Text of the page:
Jon Urbana & Wagyu Beef


Wagyu is a Japanese beef cattle breed derived from native Asian cattle. WAGU refers to ALL Japanese beef cattle where Wa means Japanese and GYU means cow.

Jon Urbana‘s grandfather made international headlines back in the 70s. He helped Japan establish early dairy programs which hadn’t existed previously in Japan. He snagged up several 747’s which were used to transport a small herd of dairy cattle from the US to Japan. The program was so significant that the Emperor greeted the flights when they arrived.

It was at that time that Urbana’s grandfather tried Wagyu beef for the first time. It was nothing like he had tasted before. The taste ignited a passion which later resulted in Urbana’s grandfather bringing Wagyu back to the States. He established himself as the first farmer to host a herd of Wagyu cows and was the first step to pave the way for KOW Steaks.

What is Wagyu Beef?

Unlike conventional cattle, Wagyu cows are allowed to graze outdoors on pastures and are only brought inside during feeding time. Moreover, they are given individual names and plenty of space to roam in their pens. Consequently, their life is stress-free and the meat is naturally tender and delicious. Its genetic differentiation into the Wagyu genetic strain was estimated at 35,000 years ago. Japanese Polled cattle and Japanese Shorthorn cattle are not bred outside of Japan.

The price of Wagyu meat is dependent on its quality and marbling. While the meat produced from these cattle is tender, it is very expensive. Some beef can fetch up to $200 per pound. However, the cost of Wagyu depends on its origin. The first Wagyu cattle were imported to Japan by Morris Whitney in the second century. Their origin dates back to the second century when they were used to working the rice paddies.

Although Japanese beef has a reputation for being exceptionally tender and succulent, there are a few differences between Japanese and Western Wagyu cattle. Olive Wagyu cattle have been bred to eat strange diets of oil by-products. They are not as highly marbled as Wagyu, but they’re still considered the highest grade. You can even find an Olive version of Wagyu if you’re in the mood for a fatty steak.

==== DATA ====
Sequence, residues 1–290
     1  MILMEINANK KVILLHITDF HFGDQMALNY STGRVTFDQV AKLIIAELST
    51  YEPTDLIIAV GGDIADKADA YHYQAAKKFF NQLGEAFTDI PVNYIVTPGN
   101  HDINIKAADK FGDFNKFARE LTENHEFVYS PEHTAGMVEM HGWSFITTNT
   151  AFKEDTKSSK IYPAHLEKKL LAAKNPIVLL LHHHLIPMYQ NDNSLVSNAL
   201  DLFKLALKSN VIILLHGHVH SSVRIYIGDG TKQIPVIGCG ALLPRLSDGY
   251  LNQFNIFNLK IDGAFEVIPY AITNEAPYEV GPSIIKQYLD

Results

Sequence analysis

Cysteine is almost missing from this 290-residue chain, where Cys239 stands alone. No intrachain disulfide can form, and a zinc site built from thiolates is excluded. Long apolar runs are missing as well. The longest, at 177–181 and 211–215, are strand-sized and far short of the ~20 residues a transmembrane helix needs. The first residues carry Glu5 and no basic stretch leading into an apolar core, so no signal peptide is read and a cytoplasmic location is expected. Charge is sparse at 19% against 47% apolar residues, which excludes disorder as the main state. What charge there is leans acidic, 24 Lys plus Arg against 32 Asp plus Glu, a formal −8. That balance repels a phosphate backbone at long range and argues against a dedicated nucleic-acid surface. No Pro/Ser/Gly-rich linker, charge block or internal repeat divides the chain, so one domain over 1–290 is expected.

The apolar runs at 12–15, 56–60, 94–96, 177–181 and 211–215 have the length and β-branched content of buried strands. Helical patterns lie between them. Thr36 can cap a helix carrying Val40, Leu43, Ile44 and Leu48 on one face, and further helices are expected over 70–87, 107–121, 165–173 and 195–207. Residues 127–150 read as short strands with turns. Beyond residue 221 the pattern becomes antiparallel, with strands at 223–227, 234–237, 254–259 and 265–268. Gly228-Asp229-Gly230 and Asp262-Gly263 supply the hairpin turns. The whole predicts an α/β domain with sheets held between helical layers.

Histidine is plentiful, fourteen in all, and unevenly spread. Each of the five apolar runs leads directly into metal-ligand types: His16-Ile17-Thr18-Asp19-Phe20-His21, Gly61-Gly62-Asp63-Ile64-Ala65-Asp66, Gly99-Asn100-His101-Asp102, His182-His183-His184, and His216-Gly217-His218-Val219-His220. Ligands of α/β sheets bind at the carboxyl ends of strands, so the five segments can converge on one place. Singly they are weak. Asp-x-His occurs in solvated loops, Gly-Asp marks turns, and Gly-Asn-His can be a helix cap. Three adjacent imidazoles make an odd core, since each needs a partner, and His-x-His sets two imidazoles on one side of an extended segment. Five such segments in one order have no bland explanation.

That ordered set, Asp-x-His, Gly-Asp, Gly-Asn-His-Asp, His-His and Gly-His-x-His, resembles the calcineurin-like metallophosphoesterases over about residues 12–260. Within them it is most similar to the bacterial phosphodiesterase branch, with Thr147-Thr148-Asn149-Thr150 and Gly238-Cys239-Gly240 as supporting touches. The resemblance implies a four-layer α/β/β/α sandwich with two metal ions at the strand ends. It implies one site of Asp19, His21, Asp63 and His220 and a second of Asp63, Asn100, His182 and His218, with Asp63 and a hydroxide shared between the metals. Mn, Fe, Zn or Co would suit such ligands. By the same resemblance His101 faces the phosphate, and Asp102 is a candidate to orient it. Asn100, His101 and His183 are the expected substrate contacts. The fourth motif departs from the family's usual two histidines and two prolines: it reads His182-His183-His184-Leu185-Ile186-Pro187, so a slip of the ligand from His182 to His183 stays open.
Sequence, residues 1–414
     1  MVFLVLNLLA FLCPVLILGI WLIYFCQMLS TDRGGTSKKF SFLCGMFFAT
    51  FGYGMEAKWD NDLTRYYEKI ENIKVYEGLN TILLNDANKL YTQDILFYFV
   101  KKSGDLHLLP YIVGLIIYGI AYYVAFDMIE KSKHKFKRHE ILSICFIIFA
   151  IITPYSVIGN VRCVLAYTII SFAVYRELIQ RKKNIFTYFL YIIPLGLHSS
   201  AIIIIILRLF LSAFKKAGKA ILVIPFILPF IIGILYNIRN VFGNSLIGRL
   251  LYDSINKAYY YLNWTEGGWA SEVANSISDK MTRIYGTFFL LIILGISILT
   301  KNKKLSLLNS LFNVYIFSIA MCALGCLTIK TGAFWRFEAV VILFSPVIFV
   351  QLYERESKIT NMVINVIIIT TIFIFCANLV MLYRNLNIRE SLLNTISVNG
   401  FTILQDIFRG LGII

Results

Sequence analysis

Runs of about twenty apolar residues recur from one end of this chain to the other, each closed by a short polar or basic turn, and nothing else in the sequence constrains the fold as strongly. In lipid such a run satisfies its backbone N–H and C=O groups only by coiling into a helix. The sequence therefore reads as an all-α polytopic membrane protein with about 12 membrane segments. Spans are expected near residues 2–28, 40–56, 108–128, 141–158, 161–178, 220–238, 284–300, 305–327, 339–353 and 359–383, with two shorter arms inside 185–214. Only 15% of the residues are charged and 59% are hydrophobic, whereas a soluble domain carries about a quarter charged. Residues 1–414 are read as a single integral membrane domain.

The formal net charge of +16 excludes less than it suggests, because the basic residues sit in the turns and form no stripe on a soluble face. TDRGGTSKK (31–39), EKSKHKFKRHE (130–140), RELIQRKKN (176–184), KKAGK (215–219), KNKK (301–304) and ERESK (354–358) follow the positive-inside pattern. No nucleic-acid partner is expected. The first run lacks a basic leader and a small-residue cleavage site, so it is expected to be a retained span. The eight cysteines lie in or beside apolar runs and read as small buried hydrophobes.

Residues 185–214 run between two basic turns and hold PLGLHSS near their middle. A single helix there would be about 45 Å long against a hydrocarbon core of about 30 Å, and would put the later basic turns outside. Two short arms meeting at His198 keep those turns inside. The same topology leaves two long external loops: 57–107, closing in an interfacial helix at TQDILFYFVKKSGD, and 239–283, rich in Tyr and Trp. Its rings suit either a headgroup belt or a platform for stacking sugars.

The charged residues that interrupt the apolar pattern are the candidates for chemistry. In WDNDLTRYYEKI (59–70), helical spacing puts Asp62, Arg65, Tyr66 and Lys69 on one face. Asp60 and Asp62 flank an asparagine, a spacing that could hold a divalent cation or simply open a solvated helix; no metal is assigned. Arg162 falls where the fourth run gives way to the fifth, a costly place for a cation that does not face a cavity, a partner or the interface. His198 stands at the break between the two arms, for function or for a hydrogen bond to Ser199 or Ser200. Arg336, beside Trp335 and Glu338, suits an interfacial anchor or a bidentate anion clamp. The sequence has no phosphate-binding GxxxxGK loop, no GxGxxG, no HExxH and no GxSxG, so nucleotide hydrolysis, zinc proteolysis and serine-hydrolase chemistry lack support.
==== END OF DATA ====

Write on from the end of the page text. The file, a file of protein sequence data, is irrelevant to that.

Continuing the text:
A single serving of Wagyu can cost as much as $19 for a pound. However, you can expect to pay twice as much for a double pound of beef, and the quality of this cut will match that of its Japanese counterpart. The American Wagyu Association was established in 1990 to promote humane Wagyu cattle practices. While the Japanese Wagyu cattle are subject to strict quality standards, there are no regulations in the US.

Japanese Wagyu beef is rich in Omega-3 and Omega-6 fatty acids. It also has the lowest cholesterol levels among all beef. It is, therefore, a great choice for people with a high cholesterol level. In addition, it has a more palatable taste and is more tender than other types of beef. You’ll find it difficult to resist it once you start tasting it. However, it is worth the extra money for the quality of the meat.

Traditionally, the Japanese were not allowed to eat meat from four-legged animals. This practice was illegal, and Japanese Buddhists believed that humans could reincarnate as animals. Shinto Buddhism held that dead animals had impurities in their bodies. Despite the ban on exporting Wagyu beef, it is still one of the most expensive beef in the world. Wagyu Beef also has a long history in Japan.